“Photography to me means everything. Being able to go out and create freely is something I love to do every day. Most importantly – it’s what makes me happy.”
If street photography piques your interest, you might have already come across Kiran Bhamra Cox. He’s a West London-based photographer who’s been turning heads, capturing people and places with his creative eye and down-to-earth perspective. He’s been a part of the National Geographic Traveller Festival and has been speaking at masterclasses, sharing his work and his passion with other photographers.
“Taking my next best photograph is what inspires me the most. I always want to challenge myself to create a better project or capture a better photograph. Being able to turn a passion into a career is something I am always grateful for.”
His photography is striking; he captures both the intensity and the lulls of everyday life, the laughter and the grit. Look through Kiran’s portfolio and you’ll find smiles and scowls, trendy bars and tube stations. His photographs distil a moment and capture the atmosphere; you know what it sounded and smelled like, you know how his subjects feel.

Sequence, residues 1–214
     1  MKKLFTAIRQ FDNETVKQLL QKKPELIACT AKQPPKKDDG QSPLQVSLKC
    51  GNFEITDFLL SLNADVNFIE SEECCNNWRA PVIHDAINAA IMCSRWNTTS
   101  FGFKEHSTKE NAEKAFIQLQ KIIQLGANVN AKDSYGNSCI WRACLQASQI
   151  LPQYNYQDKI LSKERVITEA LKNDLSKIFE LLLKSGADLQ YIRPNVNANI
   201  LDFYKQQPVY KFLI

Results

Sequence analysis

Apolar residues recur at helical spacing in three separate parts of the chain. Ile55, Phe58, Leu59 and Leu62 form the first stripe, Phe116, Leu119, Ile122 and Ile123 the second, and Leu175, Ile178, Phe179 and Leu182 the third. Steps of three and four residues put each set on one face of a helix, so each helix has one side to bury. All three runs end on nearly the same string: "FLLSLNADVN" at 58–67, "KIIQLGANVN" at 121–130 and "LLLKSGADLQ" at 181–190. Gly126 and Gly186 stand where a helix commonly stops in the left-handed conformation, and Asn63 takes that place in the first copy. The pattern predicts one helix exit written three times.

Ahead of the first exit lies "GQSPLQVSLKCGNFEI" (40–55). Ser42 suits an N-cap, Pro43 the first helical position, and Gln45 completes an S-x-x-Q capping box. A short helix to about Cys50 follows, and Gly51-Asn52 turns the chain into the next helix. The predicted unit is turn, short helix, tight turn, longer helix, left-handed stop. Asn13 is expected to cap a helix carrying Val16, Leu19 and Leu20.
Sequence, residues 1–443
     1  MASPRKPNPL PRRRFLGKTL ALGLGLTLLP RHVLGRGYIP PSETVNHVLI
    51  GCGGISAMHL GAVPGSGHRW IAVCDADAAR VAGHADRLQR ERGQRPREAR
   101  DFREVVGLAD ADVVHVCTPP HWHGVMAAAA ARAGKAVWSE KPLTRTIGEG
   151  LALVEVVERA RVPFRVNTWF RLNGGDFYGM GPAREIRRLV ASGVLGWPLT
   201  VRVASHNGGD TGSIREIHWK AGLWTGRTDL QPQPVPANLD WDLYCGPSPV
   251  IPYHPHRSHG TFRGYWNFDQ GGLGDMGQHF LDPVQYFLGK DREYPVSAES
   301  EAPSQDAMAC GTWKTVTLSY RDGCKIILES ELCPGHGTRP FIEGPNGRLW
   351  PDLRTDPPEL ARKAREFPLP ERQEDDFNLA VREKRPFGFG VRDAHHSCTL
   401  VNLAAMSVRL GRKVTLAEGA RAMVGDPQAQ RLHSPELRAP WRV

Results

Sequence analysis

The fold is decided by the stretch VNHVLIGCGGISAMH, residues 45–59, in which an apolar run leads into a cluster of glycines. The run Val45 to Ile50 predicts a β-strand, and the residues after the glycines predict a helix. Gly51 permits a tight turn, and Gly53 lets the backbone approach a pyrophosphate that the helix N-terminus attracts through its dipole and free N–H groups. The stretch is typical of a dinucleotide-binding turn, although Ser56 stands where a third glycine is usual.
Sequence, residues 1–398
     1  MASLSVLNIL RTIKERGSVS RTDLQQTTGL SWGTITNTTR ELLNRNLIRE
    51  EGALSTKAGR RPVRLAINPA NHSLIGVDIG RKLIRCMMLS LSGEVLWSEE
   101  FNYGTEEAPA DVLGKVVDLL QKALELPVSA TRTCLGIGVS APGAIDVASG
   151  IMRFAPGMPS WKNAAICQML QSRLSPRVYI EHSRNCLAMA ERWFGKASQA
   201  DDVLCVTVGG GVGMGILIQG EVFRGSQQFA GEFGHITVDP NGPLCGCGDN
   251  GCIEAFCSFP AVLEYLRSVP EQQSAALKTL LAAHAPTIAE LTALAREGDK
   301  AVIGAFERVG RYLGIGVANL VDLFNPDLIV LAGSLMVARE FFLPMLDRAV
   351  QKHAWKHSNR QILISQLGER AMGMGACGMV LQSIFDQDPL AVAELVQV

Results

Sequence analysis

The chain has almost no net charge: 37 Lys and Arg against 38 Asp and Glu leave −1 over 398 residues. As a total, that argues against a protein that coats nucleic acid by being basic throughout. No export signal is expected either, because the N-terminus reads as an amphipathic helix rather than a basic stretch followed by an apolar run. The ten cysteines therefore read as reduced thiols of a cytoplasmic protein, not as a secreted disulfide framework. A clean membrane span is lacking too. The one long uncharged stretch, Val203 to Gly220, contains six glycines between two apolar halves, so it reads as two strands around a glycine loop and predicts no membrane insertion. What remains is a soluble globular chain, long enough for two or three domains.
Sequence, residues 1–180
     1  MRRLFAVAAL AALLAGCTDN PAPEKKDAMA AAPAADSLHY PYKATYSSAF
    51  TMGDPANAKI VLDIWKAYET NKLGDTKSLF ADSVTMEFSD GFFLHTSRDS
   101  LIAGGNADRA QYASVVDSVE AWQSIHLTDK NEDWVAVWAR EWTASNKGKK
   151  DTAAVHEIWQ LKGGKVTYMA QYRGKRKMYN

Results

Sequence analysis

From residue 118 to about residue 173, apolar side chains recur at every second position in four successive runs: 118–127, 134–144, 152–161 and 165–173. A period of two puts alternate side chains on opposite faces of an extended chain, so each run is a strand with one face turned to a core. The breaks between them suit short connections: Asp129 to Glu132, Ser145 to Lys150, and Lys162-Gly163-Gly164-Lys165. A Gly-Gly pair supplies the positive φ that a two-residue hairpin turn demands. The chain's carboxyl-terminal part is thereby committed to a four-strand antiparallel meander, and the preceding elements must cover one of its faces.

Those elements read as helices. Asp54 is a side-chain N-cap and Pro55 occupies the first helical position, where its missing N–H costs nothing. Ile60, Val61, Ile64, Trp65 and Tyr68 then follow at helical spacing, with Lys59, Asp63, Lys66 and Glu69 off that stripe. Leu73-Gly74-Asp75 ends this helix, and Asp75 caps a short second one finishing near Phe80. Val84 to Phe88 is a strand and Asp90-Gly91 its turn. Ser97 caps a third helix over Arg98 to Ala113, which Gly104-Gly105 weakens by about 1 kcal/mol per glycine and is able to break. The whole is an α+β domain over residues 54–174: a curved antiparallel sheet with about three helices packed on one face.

Street photography is a notoriously challenging substyle. With no control over positioning your subjects, it will test your patience as much as your technical skills, but the rewards are great. Capturing an everyday interaction without intruding is an art form that requires a level of fearlessness. This is especially true in some of Kiran’s projects, which frequently stray into high-tension moments of conflict, such as protests and police work.
“Initially when I got into photography I took photographs of everything and anything, especially while learning both the technical and creative sides of photography.” Kiran tells us of his history behind the lens, “Street photography started to creep in a few years later. It was a natural progression. I slowly started adding subjects into my work instead of looking for empty street scenes, and before I knew it, I was looking at books and going to talks by my favourite street photographers. I was just trying to get as much inspiration as possible.”
Kiran’s work getting right into the action between protestors and riot police is impressive, but the photographs he takes of everyday interactions in his home city of London are just as emotive. For those just starting out in street photography, taking your camera to an area you’re familiar with is a great way to find your feet.